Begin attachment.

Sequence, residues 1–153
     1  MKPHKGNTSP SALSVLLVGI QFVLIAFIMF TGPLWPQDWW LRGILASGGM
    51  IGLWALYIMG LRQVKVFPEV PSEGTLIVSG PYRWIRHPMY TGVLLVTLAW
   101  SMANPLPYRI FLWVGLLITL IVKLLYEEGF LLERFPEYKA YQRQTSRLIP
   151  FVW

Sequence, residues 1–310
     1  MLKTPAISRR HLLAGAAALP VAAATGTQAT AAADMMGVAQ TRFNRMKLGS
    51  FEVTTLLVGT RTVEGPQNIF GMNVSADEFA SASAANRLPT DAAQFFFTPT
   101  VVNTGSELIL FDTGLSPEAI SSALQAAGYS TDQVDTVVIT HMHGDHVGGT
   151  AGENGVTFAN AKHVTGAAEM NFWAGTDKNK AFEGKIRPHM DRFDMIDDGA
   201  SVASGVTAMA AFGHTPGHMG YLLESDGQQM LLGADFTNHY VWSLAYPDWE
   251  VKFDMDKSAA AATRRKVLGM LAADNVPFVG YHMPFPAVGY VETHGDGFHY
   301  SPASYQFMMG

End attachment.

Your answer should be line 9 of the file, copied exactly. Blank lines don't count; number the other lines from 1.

   101  VVNTGSELIL FDTGLSPEAI SSALQAAGYS TDQVDTVVIT HMHGDHVGGT